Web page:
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‘You can’t be afraid of getting your hands dirty’

Working to make waterways clean

Godwin Heights — It is a brisk day in December as four Godwin students make their way through the orange fencing around a bioswale at Wyoming’s Pinery Park.

“Why do you think we put the seeds out now?” asks Betty Kliewer from Calvin College’s Plaster Creek Stewards. “They certainly won’t grow.”

Right on cue, a bird flies down and searches among the plants.

“What is the bird looking for?” Kliewer asks. “Seeds,” the students answer.

Kliewer continues: “If we spread the seeds now, just before a snow, then the snow will act as a blanket helping to prevent the birds from eating the seeds, and hopefully they will have a chance to grow in the spring.”

Building a Bioswale

A bioswale is a long channel or trench that has vegetation such as grasses, flowers, and shrubs; and soil, mulch, or stones to slow down rainwater and filter pollutants such as motor oil and fertilizer.

Sixth-grader Cleo Cassidy spreads seeds in the bioswale at Wyoming’s Pinery Park

“It is to help keep the water clean that is going into the creek,” says sixth-grader Cleo Cassidy. The Pinery Park area is part of the Plaster Creek watershed, with the water draining into Plaster Creek.

For the past several years, The Green Club, Godwin Middle School’s environmental club, helped build the bioswale, which is located on the south end of the park between the baseball fields and the woods. 

“This was a two-year project that became a three-year-project due to COVID,” says William Mull, a middle school math teacher who serves as the group’s adviser. 

The original plan was for the club to do similar watershed work at Hillcroft Park, but it was turned down due to soil contamination issues. Working with the City of Wyoming and Plaster Creek Stewards, the group learned of a project – the bioswale – it could do at Pinery Park. 

The group worked with Grand Valley State University’s Groundswell, a coalition of partners that creates opportunities for hands-on environmental learning in West Michigan. Along with building the bioswale, club members also performed water and soil testing, created videos on keeping watersheds healthy and designed a sign to inform visitors about the bioswale. The sign was installed earlier this year.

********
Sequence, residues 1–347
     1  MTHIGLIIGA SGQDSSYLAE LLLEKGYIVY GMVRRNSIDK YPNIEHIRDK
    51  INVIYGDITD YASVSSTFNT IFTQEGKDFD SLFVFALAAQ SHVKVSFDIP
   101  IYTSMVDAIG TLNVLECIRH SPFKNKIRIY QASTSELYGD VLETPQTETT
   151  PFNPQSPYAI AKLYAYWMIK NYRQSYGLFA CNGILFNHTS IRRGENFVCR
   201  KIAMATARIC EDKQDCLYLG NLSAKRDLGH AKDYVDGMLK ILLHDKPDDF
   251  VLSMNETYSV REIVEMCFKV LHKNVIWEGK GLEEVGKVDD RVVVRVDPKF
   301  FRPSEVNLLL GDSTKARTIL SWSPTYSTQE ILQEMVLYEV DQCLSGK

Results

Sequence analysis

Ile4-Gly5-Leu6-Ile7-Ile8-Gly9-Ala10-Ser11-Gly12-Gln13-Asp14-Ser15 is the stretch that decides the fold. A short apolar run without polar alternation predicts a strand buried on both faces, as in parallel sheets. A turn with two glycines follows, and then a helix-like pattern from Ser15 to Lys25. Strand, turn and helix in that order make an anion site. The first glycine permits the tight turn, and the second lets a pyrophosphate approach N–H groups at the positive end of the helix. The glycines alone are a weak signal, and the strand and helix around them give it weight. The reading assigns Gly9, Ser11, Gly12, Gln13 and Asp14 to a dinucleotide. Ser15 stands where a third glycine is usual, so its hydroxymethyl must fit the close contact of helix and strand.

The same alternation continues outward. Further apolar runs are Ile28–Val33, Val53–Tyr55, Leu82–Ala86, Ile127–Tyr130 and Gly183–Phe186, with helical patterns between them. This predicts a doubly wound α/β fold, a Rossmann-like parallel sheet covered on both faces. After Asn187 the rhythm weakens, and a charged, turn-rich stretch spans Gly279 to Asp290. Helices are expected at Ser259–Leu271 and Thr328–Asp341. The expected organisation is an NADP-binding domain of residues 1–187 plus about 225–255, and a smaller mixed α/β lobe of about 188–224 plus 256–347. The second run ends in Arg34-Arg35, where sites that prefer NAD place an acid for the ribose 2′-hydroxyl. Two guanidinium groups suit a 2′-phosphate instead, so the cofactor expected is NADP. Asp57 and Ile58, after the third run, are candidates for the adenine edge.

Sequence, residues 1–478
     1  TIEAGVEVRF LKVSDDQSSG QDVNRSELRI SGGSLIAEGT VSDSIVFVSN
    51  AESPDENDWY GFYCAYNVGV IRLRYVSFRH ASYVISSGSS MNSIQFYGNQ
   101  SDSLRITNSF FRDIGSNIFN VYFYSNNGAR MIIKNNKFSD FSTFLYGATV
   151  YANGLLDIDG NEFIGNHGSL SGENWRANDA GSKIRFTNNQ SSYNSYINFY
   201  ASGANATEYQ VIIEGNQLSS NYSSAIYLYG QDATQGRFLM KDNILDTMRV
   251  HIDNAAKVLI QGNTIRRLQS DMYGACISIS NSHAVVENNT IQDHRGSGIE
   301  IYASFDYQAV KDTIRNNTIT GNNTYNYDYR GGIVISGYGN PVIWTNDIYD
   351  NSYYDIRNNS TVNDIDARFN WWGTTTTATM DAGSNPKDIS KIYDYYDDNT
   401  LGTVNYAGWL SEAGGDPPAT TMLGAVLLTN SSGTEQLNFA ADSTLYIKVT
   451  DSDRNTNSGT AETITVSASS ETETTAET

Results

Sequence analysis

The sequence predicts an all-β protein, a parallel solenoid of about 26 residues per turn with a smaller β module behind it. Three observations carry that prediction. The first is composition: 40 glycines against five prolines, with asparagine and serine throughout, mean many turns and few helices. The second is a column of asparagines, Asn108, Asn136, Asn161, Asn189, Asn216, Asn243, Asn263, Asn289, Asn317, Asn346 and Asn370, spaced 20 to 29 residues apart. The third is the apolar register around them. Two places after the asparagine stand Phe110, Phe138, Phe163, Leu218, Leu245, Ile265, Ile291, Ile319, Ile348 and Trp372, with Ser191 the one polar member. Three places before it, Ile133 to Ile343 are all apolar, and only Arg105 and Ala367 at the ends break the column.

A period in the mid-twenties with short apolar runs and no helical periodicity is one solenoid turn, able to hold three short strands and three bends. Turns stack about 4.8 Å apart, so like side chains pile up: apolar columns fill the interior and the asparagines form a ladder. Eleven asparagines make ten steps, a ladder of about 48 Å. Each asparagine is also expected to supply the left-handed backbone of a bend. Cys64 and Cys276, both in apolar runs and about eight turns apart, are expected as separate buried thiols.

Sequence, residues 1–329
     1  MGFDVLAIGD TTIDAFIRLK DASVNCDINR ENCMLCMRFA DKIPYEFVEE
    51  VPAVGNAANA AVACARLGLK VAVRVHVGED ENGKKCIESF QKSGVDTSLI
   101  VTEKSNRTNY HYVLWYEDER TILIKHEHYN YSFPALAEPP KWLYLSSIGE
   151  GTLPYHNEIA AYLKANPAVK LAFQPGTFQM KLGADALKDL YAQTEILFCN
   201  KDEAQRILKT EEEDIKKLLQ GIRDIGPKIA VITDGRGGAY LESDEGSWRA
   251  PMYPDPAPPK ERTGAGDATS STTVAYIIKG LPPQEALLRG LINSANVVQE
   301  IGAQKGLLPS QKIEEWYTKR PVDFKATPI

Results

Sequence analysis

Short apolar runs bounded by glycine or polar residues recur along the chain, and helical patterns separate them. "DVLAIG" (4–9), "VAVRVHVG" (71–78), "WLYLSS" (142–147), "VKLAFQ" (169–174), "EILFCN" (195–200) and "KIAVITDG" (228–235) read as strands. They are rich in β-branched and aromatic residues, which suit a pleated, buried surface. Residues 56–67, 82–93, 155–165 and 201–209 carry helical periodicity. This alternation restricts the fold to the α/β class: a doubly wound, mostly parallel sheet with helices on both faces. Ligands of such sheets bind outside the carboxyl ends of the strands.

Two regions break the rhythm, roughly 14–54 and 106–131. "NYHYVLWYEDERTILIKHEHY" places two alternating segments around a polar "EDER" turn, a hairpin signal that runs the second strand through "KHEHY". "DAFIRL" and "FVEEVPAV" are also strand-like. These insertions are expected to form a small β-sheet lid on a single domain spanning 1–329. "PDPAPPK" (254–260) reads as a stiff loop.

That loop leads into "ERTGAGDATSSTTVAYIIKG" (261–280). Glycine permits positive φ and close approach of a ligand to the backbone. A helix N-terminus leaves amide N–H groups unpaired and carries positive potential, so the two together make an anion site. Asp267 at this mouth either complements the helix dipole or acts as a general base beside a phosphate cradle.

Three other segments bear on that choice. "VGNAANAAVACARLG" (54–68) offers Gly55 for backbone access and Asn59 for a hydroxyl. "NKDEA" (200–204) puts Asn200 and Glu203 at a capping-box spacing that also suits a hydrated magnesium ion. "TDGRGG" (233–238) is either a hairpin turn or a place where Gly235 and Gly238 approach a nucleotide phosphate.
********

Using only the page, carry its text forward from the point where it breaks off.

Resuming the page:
Green Club members next to the sign they designed to help identify the bioswale

Now It’s About Upkeep

The work is not done. On this chilly day, club members make a mixture of seeds, sand, soil and water to spread. The seeds are from native plants that it is hoped will grow and reduce the need to hand-weed, Mull says, adding he expects the group will be out this spring to do that work.

“I think it is really cool to be able to help the land and the environment,” says sixth-grader Cleo Cassidy. “I enjoy being part of the group because you have fun, plant plants and you get to venture outside.”

Sixth-grader Nathanel Calderon says he too joined the group because he thought it would be fun, adding “you can’t be afraid of getting your hands dirty” as he reaches into his bucket for more seeds.

“I know I am happy to be able to help the community,” says sixth-grader Nadia Zamora. “It just makes it a little better.”

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Joanne Bailey-Boorsma
Joanne Bailey-Boorsma
Joanne Bailey-Boorsma covers Kent ISD and Godwin Heights. She was born in the Detroit area but grew up in Brighton where she attended Hartland Public Schools. The salutatorian for the Class of 1985, she changed her colors from blue and maize to green and white by attending Michigan State University, where she majored in journalism and minored in photography and German. She expanded her color palette to include orange and black as both her daughters graduated from Byron Center Public Schools; maroon and white for Aquinas College where her daughter studies nursing and also brought back blue and maize for Grand Rapids Community College where her youngest daughter currently is studying music. Read Joanne's full bio

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